Barton Should Learn From Fletcher Example

The past few days have seen the headlines, perhaps not dominated, but certainly bothered by two tackles. Both resulted in straight reds, both came when the game was already dead and buried, but neither bore any resemblance whatsoever to the other.

It is difficult to envisage two players with less in common than Joey Barton and Darren Fletcher. But football, the most inclusive of sports, does not discriminate, and both will miss the climax to their respective seasons.

It is a tragedy on two counts. Whilst some would argue that the Newcastle man shouldn’t even be playing in the Premiership any more, it would be hard to find any mature football fan who has a bad word to say about Fletcher.

Indeed, the nature of the two tackles almost perfectly reflected the personalities of the players in question. Joey Barton, a most infuriating character, threw himself into his tackle in a violent, reckless manner and with no regard for the well being of Xabi Alonso, simply to satisfy his urge for revenge, or perhaps to vent some frustration.

The most frustrating thing is that nobody doubts the talent the player has. He burst onto the scene under the tutelage of Kevin Keegan, and for 18 months under Stuart Pearce he was the driving force behind everything good Manchester City achieved. He often gave the impression that he was playing the opposition almost on his own, and was rewarded with an England debut against Spain.

This was just reward for apparently becoming a reformed character after the infamous Cigar incident almost exactly two years previously, yet he still found time to show his dark side by insulting England players for releasing autobiographies. A valid viewpoint perhaps, but the appropriate time and context in which to express it? Nonetheless, his honesty was hailed, and it was suggested he would become a future England regular.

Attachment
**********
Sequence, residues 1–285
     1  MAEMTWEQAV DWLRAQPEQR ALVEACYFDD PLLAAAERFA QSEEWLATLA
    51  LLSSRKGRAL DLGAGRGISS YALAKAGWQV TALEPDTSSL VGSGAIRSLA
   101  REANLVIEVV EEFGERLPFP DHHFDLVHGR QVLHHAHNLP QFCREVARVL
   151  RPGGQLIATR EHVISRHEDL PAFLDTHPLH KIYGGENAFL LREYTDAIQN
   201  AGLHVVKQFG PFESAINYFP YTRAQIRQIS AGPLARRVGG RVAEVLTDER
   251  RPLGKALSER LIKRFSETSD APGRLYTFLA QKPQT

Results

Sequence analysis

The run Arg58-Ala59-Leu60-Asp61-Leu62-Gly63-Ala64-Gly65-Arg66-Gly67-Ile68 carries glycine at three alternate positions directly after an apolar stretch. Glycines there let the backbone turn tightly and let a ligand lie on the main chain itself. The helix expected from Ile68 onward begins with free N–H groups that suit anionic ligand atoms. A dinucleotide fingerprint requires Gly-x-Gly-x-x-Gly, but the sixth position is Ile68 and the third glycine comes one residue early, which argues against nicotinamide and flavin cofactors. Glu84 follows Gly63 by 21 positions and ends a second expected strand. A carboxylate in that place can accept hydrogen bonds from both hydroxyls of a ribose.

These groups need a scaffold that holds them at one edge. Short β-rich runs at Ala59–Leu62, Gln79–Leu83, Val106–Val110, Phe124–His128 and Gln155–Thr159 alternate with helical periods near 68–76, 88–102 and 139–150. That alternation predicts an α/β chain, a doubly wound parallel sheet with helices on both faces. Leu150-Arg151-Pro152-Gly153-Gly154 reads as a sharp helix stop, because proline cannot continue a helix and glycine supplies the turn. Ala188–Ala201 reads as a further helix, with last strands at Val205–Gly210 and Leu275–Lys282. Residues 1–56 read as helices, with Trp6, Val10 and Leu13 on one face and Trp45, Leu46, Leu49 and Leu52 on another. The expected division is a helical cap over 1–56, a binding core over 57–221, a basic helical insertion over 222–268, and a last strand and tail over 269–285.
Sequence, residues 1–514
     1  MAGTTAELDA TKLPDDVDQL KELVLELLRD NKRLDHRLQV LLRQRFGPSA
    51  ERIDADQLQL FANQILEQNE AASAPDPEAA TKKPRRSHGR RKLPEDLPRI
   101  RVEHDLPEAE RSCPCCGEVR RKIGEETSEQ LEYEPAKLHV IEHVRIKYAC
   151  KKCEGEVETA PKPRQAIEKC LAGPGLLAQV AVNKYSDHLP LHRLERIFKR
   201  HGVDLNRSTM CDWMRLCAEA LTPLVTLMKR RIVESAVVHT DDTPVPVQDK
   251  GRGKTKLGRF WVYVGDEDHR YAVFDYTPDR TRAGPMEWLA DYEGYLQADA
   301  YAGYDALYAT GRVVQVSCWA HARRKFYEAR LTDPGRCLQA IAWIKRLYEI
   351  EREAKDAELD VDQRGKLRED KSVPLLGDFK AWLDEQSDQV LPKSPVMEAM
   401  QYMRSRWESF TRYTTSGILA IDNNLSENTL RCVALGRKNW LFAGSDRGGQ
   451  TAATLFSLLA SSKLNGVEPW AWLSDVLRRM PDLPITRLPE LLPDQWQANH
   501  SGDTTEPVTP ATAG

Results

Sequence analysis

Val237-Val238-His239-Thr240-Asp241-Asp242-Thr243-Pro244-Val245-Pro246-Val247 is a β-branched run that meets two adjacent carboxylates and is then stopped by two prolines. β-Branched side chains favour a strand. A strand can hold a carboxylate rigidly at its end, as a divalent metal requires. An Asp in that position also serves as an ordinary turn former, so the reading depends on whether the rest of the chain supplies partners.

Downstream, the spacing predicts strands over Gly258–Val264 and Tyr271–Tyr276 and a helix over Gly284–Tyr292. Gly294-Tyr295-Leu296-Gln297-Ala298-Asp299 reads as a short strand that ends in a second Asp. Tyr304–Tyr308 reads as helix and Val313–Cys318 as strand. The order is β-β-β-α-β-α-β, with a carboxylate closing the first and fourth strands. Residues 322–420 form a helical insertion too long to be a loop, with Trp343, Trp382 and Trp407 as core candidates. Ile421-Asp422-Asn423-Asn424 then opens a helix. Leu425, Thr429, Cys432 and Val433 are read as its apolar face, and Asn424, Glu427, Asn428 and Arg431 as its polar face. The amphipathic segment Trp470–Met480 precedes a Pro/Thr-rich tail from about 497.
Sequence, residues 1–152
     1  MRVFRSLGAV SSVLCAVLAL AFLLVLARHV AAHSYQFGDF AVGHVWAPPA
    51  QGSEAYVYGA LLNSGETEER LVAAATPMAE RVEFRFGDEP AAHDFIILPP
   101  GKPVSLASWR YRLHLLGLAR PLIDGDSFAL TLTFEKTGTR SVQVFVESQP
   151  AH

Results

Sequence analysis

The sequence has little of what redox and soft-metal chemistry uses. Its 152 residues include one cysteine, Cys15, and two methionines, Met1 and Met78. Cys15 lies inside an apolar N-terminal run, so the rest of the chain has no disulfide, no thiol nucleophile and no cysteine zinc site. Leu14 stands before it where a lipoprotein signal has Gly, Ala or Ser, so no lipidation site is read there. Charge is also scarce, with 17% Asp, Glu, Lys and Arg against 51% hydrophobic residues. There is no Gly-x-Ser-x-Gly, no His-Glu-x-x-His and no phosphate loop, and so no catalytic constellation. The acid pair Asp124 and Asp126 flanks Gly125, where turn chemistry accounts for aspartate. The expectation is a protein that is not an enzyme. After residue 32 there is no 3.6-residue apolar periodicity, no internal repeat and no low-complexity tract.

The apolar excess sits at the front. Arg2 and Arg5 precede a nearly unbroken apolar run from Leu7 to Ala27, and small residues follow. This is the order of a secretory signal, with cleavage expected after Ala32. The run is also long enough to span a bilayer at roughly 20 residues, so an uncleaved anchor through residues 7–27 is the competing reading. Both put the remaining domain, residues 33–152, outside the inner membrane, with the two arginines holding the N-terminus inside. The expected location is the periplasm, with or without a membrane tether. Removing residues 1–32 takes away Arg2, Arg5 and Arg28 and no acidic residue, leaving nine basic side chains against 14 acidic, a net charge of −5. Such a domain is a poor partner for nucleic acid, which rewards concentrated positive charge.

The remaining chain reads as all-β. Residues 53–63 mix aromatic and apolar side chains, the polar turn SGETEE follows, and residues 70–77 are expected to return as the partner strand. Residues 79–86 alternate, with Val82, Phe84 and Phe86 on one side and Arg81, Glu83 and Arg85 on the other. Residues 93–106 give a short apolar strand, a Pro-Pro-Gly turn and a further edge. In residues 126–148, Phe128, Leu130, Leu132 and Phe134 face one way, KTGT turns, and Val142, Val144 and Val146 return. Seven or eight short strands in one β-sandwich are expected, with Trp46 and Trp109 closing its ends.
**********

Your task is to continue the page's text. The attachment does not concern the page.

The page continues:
Sure enough, only three months later he snapped once more, assaulting Ousmane Dabo in training. His many other crimes are well documented, so this is not the place to list them. Nor is it my point; that is merely point out that there was a time when he was far better behaved. And during that time he played for England.

Trying to find a single pieice of controversy to implicate Darren Fletcher in is almost as difficult as it is to list Barton’s crimes in one article. One of football’s quiet men, he is the epitome of the man who gets his head down and gets on with it. In October 2005, Fletcher was one of the victims of Roy Keane’s now infamous MUTV rant, the firebrand Irishman demanding to know why Scottish people raved about him. Did Darren sulk, hit back through the media or hand in a transfer request?

No. He scored the winner at Stamford Bridge less than a month later.

That alone should speak volumes for a man who has had to deal with criticism of his ability, talent and a long injury list to get to where he is today as a mainstay of United’s European first team.

His patience has also been richly rewarded. Many players would see the likes of Keane and Scholes before them in the first team, and decide their future lay elsewhere. Many more would see the signings of Veron, Kleberson and Djemba-Djemba as attempts to replace them, and throw in the towel. And there has never been any shortage of suitors for Fletcher, a real footballers footballer. Honest and successful against the odds, just like his tackle against Arsenal.

And having bided his time, the failure of the aforementioned trio to make any long-term impact has been Fletcher’s biggest gain. Being made the Scotland captain has been his making, and after finally given an extended run and key role in the team, his performances in the big games this season have been epic.

Perhaps it’s unfair to compare the two situations due to their respective clubs stature. There is truth in the fact that Barton would never have been able to hit Fletcher’s heights had he stayed with City in the way Fletcher has by also staying put. Newcastle, however, are a big club, and Barton’s impact has been anything but positive. Fletcher’s has rarely been anything but.

Joey Barton, the far more naturally gifted of the pair, is running out of willing guardians, time, and expended the last of his goodwill long ago. But should he take a leaf or two out of Fletcher’s book, he might just realise the talent that is so, so close to being criminally wasted in the most repugnant of ways.

He may as well give it a go. He as absolutely nothing left to lose.

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